What should I bid? (March 2020)

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What should I bid? (March 2020)

The best submission for March came from Roz Trend. She wins a voucher of $30 funded by TBIB, toward any purchase made at the Bridge Shop or Paul Lavings Bridgegear.

Bd 8
Nil Vul
W Dealer
Q 3
K 9 4 3 2
Q 5 4 3
A 6
 
K J 10 7 2
A J 10 8 5
A
7 4
[ 8 ] A 8 6 5
Q 7
9 6 2
K 9 8 2
  9 4
6
K J 10 8 7
Q J 10 5 3
 

West North East South
1 Pass 2 2NT
3 All Pass    

The explanation of the 2NT caused a bit of trouble. South intended it as weak 5/5 minors. North described it as stronger which East then said caused them to pass the 3.

Such a misunderstanding causes angst to all and so I want to clear it up. I’m not fond of using 2NT in this situation as weak and would appreciate input with regard to a sensible approach and whether it’s reasonable to expect more from the 2NTer.

The preemptive value of the unusual 2NT is gone – they’ve found their fit. I feel that all a weak 5/5 bid does here is help the opposition work out the layout of the hand and:
(a) possibly bid a game they weren’t going to bid on their own (e.g. they might now be able to work out that their partner is short in one of the minors which they might not have known otherwise), or
(b) not bid a game they were going bid (e.g. they might now know that the breaks are going to be bad which they might not have known otherwise), or
(c) give up on their own contract and start doubling us.

I don’t mind 2NT being the minors but I think it needs to be a better hand – takeout without hearts. With a weak hand, pass – if the opposition stop bidding, partner might be able to reopen with a double (unless they hold the opposition’s suit in which case we don’t want the contract anyway).

 

Hi Roz,

There is definitely no “right” or “wrong” way to play the 2NT overcall. I know a lot of top players who prefer 2NT as natural 15-18 (as the opponents can be bidding 1M-2M on very light hands), but I also know a lot of them like to play this as a two-suited hand (as overcalling 2NT may be dangerous if partner is broke and the opponents start to double).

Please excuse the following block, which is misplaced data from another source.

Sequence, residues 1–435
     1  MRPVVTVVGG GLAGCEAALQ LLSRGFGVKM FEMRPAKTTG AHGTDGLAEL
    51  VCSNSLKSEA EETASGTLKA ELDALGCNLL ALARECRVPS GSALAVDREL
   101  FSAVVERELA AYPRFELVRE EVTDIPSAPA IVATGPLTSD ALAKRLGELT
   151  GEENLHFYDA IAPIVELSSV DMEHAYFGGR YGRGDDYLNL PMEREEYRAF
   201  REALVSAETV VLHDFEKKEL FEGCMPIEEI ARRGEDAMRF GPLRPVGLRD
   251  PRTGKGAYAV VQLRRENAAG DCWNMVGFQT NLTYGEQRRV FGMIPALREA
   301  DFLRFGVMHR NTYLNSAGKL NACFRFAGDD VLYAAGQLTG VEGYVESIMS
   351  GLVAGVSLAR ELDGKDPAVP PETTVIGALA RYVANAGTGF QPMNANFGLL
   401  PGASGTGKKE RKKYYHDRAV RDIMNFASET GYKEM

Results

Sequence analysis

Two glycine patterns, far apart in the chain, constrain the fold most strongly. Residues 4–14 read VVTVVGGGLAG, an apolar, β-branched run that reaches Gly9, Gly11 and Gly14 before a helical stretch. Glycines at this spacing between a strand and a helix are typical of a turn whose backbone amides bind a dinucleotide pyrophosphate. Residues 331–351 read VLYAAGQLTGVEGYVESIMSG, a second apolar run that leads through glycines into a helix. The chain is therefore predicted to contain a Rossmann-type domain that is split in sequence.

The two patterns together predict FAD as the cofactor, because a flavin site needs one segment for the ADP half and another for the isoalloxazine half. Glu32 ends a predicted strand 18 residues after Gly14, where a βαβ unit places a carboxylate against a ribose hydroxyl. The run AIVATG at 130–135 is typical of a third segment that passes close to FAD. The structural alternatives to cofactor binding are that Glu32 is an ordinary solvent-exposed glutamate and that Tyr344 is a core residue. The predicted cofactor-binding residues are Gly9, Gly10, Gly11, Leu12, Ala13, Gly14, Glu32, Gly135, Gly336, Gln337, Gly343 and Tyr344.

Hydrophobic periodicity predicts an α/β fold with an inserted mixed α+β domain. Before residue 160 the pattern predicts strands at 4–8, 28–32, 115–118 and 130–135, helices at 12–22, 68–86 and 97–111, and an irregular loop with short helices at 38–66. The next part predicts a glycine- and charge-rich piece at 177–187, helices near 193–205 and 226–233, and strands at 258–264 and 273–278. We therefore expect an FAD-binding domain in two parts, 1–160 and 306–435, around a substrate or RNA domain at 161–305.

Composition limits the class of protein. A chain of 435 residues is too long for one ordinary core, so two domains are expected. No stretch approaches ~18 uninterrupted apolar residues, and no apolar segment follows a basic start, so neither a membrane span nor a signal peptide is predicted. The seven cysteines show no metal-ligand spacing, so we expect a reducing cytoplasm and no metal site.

Playing 2NT as natural allows you to find a game if the opponents were bidding with light hands. The danger of course is if the opponents have real values, they may start to double us. The other downside is that with a two-suited hand, we’d have to either overcall one of the suits, or make a cuebid which would force us a level higher.

Playing 2NT as a two-suited hand (whether it be both minors, or some other variation, is up to the partnerhsip) has the advantage that it may help the partnership to find a potential sacrifice. After 1M-P-2M-? if we can only overcall one of the suits, the opener may now jump to 4M and we might miss out on a big fit in the other suit.
The downside here of course is that it gives up the ability to overcall 2NT as natural. This is especially costly if opponents are not vul as they may then be opening with 10HCP, and responding 2M with 4/5HCP (with distribution). The other downside is that if we don’t have a sacrifice and the opponents bid up to 4M, this will give away a lot of information and allow declarer to play almost double-dummy.

If one is to play 2NT as a two suited hand, then it is up to the partnership to agree on what strength the 2NT bid promises. Some people like to do it based on vulnerability, so being Not Vul, the hand in question may be OK (at least all of the HCP is in both of the suits) as it can also help direct the lead for partner so as to not lead a heart.

So in conclusion, there is no right or wrong answer, it is just up to the partnership.

In my partnership, I like to play 2NT as natural if the opponents are not vul, but a two-suited hand if the opponents are vulnerable.

Hope that helps,
Andy

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